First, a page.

The Arts & the Art of Dressing:
The Roaring 20s roared with style. Style and behavior suggested everyone was playing catch-up after years of war and Victorian and Edwardian restrictions. Speed and simplicity typified popular culture and infiltrated the arts. Fashion, architecture, fine arts, and the decorative arts of this first modern decade were inextricably linked. Clean, simple lines predominated, offering a foundation for dynamic color combinations and lavish decoration.
Discover what and who were the influences on architecture, art, and fashion and see examples of 1920’s fashion through Annette’s collection of dresses, hats, and jewelry, which inspired the development of this program.
The Carnegie Library in Illinois:
Treasures on the Landscape
Hundreds of library buildings were built across the U.S. through the philanthropy of Andrew Carnegie. Illinois ranks third in the total number of libraries built with a Carnegie grant, and Annette Baldwin traveled the State to record this rich cultural history. She found the extant buildings in various states of preservation, expansion and adaptive reuse.
Discover the history, architecture and presence of the Carnegie Library in the Illinois community today.
The Incomparable Julia Morgan, Architect:
A Life of Creating Beauty
This Visual Journey focuses on the life and work of California architect Julia Morgan, the first woman admitted to the architecture department at the Ecole des Beaux-Arts in Paris. While Morgan produced 700 buildings in her 50-year career, more than any other major architect including Frank Lloyd Wright, she is best known as architect of the opulent William Randolph Hearst “Castle” at San Simeon, California. Get acquainted with the largest collection of Morgan structures at one site – Asilomar, as well as her homes, churches, schools, and Hearst’s San Simeon and Wyntoon.
Julia Morgan, Architect & William Randolph Hearst, Client
Two books are used as the basis for this discussion of the collaboration between architect Julia Morgan and her major client, William Randolph Hearst. It is a story of two talented people who shared a love of architecture and art, teaming up to create one of the world’s most elaborate and on-going architectural projects, La Cuesta Incantada (Hearst’s Castle) at San Simeon, California. Background on Morgan and on Hearst sets the scene, and audiences will also be introduced to a few of the first women in architecture. .
Home or Museum?
Those who visit “Hearst’s Castle” in San Simeon,California, generally leave with a strong opinion on whether the estate can actually be considered a home. Many see it as too lavish, outrageous, incongruous with the landscape to be anything more than a display of over-expenditure by an undisciplined collector. What was Hearst’s intent? How did the estate’s architect, Julia Morgan, work with Hearst and his massive collection to integrate into the building plan a plethora of art and architectural fragments from a wide variety of periods and styles. Hearst adored his country house. Could you live there? Was it built as a country home or a museum for the future?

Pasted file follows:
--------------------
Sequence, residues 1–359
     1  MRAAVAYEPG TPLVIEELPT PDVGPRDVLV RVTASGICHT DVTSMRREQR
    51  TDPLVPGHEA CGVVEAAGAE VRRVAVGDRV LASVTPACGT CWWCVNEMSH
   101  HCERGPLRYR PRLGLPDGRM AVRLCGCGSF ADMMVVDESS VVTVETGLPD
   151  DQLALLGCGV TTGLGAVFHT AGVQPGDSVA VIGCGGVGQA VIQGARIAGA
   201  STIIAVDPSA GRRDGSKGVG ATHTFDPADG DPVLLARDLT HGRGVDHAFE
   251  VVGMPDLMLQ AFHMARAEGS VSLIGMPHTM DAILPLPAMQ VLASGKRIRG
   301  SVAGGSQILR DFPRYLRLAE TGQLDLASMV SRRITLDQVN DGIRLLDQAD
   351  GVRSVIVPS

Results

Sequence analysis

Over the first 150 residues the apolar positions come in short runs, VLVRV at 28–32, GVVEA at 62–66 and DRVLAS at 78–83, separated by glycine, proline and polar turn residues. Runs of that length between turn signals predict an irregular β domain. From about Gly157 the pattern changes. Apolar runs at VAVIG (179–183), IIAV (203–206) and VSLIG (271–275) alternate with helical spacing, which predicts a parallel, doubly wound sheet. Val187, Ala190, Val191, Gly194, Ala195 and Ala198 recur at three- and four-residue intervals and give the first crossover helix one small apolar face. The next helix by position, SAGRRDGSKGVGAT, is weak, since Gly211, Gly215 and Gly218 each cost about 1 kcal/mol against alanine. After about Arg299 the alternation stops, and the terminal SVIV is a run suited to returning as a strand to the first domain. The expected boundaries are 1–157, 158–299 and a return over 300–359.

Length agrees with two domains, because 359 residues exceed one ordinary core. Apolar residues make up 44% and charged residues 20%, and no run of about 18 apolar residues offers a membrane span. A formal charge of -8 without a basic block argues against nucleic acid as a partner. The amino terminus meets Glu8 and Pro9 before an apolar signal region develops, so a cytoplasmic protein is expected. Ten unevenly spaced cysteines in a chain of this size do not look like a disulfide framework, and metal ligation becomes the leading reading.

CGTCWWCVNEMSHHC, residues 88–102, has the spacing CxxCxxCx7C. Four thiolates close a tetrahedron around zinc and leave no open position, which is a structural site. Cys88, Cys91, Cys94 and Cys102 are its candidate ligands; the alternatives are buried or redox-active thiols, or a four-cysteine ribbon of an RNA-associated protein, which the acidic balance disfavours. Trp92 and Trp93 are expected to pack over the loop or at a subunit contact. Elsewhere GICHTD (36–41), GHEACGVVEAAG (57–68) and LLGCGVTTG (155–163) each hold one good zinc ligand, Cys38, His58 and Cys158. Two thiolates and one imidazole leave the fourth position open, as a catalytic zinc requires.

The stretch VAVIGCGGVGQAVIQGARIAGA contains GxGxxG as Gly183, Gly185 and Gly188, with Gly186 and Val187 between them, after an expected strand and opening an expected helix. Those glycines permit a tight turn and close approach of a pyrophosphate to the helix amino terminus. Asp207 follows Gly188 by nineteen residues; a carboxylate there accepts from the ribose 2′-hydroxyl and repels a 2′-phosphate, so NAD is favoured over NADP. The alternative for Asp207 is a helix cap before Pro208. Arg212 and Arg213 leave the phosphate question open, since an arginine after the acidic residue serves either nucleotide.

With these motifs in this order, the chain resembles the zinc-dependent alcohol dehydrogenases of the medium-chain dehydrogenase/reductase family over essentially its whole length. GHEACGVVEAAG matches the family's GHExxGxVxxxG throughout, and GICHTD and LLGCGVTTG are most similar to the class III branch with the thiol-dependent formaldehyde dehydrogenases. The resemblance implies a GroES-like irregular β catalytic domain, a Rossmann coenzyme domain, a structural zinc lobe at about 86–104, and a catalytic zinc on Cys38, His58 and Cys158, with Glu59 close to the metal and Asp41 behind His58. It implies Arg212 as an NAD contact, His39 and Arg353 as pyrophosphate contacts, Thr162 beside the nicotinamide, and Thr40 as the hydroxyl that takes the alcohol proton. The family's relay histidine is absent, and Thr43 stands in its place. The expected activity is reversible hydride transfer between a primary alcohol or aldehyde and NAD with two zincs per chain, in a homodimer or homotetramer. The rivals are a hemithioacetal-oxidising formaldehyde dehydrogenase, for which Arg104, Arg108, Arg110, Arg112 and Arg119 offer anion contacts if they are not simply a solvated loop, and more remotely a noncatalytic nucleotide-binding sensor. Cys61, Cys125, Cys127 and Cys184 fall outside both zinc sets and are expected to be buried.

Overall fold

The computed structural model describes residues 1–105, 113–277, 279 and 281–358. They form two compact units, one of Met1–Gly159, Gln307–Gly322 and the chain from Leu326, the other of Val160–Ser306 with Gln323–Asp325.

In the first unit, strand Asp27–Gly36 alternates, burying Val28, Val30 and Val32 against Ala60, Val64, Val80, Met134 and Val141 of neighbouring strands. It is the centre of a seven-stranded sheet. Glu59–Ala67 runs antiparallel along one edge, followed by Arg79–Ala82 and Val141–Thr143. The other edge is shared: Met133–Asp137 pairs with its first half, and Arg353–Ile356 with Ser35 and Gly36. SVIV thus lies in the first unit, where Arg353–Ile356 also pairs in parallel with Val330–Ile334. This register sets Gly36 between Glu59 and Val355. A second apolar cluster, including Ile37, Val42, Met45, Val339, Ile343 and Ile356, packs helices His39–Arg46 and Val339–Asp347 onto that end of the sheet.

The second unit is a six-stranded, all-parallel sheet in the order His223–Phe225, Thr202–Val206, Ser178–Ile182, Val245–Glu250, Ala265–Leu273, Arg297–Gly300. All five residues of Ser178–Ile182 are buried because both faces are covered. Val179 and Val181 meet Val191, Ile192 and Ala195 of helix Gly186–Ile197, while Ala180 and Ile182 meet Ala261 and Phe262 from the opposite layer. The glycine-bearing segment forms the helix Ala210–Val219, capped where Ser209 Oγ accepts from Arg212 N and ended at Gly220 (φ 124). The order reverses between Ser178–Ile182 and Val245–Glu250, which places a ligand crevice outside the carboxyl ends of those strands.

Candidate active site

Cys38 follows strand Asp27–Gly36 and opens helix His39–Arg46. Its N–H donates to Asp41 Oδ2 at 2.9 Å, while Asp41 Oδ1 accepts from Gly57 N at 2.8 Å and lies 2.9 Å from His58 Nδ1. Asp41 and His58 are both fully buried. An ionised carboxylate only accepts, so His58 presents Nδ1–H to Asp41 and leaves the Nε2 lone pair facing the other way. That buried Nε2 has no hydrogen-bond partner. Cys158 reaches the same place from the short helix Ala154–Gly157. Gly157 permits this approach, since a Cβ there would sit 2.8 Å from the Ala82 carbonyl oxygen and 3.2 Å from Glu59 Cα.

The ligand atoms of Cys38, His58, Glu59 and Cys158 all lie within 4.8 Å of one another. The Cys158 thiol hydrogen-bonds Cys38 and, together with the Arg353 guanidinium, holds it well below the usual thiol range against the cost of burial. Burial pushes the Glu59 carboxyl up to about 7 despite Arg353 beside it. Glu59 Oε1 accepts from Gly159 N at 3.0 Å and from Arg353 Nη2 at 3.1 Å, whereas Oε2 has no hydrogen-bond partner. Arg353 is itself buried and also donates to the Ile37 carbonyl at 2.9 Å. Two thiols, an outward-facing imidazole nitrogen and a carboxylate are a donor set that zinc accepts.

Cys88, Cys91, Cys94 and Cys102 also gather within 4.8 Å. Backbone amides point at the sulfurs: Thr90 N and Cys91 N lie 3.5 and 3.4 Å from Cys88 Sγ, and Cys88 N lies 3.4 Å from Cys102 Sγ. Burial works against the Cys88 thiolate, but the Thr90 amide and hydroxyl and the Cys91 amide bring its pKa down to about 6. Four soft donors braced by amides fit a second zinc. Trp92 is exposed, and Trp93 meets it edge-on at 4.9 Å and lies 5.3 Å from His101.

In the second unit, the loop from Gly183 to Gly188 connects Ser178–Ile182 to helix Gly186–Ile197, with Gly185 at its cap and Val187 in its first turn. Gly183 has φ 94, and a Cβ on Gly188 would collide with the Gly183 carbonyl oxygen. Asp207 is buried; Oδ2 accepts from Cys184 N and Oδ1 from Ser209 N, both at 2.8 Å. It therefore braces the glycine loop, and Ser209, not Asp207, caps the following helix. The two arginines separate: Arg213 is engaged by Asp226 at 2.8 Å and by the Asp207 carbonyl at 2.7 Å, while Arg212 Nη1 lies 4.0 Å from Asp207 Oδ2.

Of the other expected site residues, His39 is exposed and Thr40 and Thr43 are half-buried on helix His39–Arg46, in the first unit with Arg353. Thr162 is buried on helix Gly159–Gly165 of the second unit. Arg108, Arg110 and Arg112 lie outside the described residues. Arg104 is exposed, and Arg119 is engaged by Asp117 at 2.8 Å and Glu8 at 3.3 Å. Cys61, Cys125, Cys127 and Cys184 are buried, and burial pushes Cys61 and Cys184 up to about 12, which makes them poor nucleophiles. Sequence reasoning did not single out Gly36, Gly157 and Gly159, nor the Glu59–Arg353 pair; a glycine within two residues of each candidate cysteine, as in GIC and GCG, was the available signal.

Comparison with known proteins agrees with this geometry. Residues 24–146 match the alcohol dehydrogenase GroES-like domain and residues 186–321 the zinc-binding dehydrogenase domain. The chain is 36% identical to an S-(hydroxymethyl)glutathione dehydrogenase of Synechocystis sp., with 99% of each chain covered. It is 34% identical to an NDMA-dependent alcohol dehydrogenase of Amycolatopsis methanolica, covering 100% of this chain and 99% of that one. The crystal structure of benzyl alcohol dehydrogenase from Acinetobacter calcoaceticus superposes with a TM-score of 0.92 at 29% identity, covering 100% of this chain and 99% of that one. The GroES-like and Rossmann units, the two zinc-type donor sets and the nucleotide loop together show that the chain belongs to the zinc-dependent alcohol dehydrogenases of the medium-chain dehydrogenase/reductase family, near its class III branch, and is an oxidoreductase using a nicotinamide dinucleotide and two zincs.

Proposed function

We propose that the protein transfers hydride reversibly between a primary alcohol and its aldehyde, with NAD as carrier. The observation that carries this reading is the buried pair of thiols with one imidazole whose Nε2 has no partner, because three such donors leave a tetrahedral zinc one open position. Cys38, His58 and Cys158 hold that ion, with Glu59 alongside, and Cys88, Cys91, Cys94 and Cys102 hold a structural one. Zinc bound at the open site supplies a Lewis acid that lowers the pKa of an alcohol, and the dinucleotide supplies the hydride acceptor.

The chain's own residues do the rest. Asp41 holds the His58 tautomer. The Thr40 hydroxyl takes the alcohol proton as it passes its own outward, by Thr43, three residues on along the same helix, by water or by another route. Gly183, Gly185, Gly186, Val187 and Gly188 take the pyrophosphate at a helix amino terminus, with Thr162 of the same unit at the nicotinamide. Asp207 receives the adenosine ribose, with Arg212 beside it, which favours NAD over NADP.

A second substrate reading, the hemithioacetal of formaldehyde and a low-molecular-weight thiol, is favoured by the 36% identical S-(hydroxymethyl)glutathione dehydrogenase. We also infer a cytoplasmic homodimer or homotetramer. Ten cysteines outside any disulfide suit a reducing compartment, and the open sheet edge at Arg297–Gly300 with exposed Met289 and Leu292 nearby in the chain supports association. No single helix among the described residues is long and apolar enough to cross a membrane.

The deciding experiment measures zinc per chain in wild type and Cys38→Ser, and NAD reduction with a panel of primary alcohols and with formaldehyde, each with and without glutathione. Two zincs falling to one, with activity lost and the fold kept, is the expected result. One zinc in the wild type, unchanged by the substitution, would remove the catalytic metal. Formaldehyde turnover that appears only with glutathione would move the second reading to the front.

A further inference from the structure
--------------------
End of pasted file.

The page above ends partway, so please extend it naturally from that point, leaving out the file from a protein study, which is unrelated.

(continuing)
Architect Mary Jane Colter & Travel in the American Southwest
An important figure in the history of early travel to the American Southwest is Mary Jane Colter, an architect and designer, who worked simultaneously for the Fred Harvey Company and the Santa Fe Railroad. Colter pioneered in the design and decoration of railway stations, hotels, shops and restaurants that popped up along the Santa Fe route to the West. Many travelers to the Grand Canyon are unaware that among Colter’s buildings there are the Watchtower, Hopi House, and Hermit’s Rest.
Cryptography from Caesar to the Civil War
Cryptography or cryptology is the science of taking a message that can be read and converting it into a message that appears to have no meaning. Elizabeth Van Lew, one of the most effective espionage agents of the American Civil War communicated with Union Generals Benjamin Butler and Ulysses S. Grant by using a cipher system based on an ancient grid.
This is an interactive program where the audience will travel into the seemingly mysterious world of cryptography, becoming acquainted with some of the earliest systems, including methods employed by the Union and the Confederacy. You’ll also have the opportunity to try your skills at deciphering messages.